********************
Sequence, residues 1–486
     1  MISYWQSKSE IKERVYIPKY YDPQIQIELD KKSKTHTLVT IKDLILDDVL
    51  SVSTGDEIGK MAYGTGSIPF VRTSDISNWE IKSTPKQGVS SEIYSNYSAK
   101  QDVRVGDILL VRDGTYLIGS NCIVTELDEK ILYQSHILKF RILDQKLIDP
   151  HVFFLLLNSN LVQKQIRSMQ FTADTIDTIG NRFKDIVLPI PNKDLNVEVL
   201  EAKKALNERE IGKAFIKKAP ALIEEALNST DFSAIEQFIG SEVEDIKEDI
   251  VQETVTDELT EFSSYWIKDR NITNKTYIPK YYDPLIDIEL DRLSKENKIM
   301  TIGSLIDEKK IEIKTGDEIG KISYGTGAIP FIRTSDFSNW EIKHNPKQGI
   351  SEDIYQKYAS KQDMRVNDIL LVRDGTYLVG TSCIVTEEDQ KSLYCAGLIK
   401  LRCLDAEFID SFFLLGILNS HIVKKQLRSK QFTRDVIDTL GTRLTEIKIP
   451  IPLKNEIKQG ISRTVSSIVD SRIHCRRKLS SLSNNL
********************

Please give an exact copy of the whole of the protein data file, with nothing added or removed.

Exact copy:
Sequence, residues 1–486
     1  MISYWQSKSE IKERVYIPKY YDPQIQIELD KKSKTHTLVT IKDLILDDVL
    51  SVSTGDEIGK MAYGTGSIPF VRTSDISNWE IKSTPKQGVS SEIYSNYSAK
   101  QDVRVGDILL VRDGTYLIGS NCIVTELDEK ILYQSHILKF RILDQKLIDP
   151  HVFFLLLNSN LVQKQIRSMQ FTADTIDTIG NRFKDIVLPI PNKDLNVEVL
   201  EAKKALNERE IGKAFIKKAP ALIEEALNST DFSAIEQFIG SEVEDIKEDI
   251  VQETVTDELT EFSSYWIKDR NITNKTYIPK YYDPLIDIEL DRLSKENKIM
   301  TIGSLIDEKK IEIKTGDEIG KISYGTGAIP FIRTSDFSNW EIKHNPKQGI
   351  SEDIYQKYAS KQDMRVNDIL LVRDGTYLVG TSCIVTEEDQ KSLYCAGLIK
   401  LRCLDAEFID SFFLLGILNS HIVKKQLRSK QFTRDVIDTL GTRLTEIKIP
   451  IPLKNEIKQG ISRTVSSIVD SRIHCRRKLS SLSNNL